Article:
'Bones': Parker plays matchmaker
"Bones" combined two of my favorite things tonight: bashing the suburbs and Parker Booth. And true, the whole "perfect neighborhood willing to kill in order to keep it that way" thing has been done before, but I thought tonight's episode had a couple nice twists to it.
It takes a village:
At a luau-themed block party in the 'burbs, the happy homeowners discover a barbequing person in place of the pig. Hmm. As a vegan, I'd say both are pretty gross. (And I'm not even going to touch the whole pig-hunting thing that comes up later.) Our victim is Kurt, another happy homeowner who balances out his philandering tendencies with a strong commitment to environmentalism. (But apparently not animal welfare...or at least dog welfare.)
The suspects are many, since Kurt wasn't exactly neighbor of the year. He was sleeping with half the neighborhood, including his neighbor's wife and 18-year-old daughter (actually, neighbor and partner in internet sex toy sales). He poisoned another neighbor's dog for peeing on his unsightly windmill. He purchased said windmill with the $5,000 he charged another neighbor for a second phone line.
So who finally snapped and killed him? Well...pretty much all of 'em. His neighbor's wife, one of the dog's owners, and the phone line buyer each struck Kurt after collectively being driven over the edge not by his unneighborly behavior, but by his ugly, noisy windmill. His wife was slipping him salt peter thinking it would, well, keep his peter in bed with her - unfortunately, it instead just caused him to bleed out much more easily. I hope he learned a valuable lesson about caring for the environment.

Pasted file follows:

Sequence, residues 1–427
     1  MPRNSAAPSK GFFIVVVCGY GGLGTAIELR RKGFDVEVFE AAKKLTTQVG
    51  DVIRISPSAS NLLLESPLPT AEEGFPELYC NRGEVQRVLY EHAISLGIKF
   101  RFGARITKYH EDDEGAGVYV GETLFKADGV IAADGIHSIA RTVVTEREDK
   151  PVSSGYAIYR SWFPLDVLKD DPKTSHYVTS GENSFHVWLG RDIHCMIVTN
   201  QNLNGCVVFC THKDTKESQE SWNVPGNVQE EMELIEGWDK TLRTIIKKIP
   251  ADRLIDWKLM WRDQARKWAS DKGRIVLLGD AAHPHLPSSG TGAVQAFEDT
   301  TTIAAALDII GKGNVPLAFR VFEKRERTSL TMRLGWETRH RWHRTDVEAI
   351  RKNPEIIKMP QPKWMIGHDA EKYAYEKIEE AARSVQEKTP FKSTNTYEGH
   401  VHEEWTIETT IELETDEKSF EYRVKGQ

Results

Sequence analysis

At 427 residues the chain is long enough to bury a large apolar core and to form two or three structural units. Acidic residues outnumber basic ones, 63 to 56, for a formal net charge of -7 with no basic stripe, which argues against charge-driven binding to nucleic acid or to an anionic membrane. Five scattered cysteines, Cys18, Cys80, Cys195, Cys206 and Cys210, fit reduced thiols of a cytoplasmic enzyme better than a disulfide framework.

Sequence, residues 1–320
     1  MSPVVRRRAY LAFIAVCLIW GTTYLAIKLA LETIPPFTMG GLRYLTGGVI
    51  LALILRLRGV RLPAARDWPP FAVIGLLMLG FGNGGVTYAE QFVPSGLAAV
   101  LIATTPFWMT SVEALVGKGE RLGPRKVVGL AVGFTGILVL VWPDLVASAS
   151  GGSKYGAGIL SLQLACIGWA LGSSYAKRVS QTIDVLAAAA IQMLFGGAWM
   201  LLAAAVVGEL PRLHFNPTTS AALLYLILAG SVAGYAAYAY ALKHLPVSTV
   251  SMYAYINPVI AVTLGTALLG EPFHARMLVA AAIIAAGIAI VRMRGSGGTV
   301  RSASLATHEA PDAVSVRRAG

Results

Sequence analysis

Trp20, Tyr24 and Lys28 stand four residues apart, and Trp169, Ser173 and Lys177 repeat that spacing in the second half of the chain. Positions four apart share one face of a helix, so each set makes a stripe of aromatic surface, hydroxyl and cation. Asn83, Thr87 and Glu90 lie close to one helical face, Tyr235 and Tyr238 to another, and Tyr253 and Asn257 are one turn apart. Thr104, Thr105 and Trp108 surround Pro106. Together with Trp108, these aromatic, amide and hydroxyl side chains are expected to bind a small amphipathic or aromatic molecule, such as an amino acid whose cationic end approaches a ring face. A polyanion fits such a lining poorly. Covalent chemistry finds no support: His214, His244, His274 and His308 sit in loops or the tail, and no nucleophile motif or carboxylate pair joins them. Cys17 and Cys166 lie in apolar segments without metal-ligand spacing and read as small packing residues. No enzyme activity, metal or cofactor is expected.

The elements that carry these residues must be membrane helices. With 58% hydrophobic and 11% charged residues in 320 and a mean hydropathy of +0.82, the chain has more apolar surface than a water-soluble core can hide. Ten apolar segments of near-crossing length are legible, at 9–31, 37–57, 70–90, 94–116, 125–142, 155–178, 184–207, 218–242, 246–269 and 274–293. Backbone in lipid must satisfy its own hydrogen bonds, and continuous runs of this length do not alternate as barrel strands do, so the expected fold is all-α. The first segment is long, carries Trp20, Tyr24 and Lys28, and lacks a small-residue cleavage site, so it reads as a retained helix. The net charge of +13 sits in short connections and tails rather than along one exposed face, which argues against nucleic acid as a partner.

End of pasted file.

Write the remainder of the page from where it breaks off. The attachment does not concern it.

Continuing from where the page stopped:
The Squint Squad:
Arastoo, it seems, has been faking the Iranian accent (and pretty much the entire personality as well) - a fact that emerges when he snaps at Cam for pushily trying to respect his religion. Huh. I find it really hard to concentrate on anything he's saying now. Apparently he was trying to avoid explaining his devout religion. I guess that makes sense...especially given the good-natured (but bordering on obnoxious, Hodgins) jabbing and questioning he gets from the squints.
Booth and Brennan:
Rebecca and her BF are out of town, so Parker (a.k.a. the world's most adorable child) is hanging with Booth. Yay! He thinks Booth really, really needs a girlfriend. You know, for sexing up. After Parker strikes out with Angela and Cam, Sweets suggests that Booth show Parker that he can, in fact, interact with women. Which means faking it with Brennan by having dinner together at the diner. Aww.
Parker suggests that Brennan could be Booth's girlfriend (Booth: "Buddy, you really gotta quit that."), but Brennan tells him it would be inappropriate. Both Parker and Booth look equally interested in her answer, which - after a pause - is that they work together. Parker thinks (and I agree) that it's a stupid reason.
In the end, though, Brennan just comes out and asks Parker why he wants his dad to have a girlfriend so much, and it turns out that he thinks he'll get a pool out of the bargain. And hey, it turns out Brennan has a pool in her building that they're welcome to use! The three of them agree that Brennan is awesome (and really good with Parker, which can't be lost on Booth, right?).
- Parker: "We're not allowed to talk about the bad parts of Dad's work until I have armpit hair."
- Booth: "That was creepy." Brennan: "Well, I warned you about the suburbs."
- Kurt's wife: "Well, I already told the FBI guy and the scary lady everything I know, so..."
- Parker to Angela: "Could Dad sex you up?"
- Cam to Brennan: "I'm not hanging up because I don't have an answer to that, I'm just hanging up."
- Sweets: "Keep your grubby anthro hands off my psych."
- Booth: "Will you be my village? I need Parker to know that I lead a full and rewarding life." Brennan: "But you don't!" Booth: "What? Yes I do." Brennan: "No, you don't. You work too much, you don't socialize, all of which prevents you from having a full sex life."
Is Parker the cutest kid you've ever seen, or what? Did you feel like the "dark secrets in the suburbs" angle has been played out, or did "Bones" bring something fresh to the table?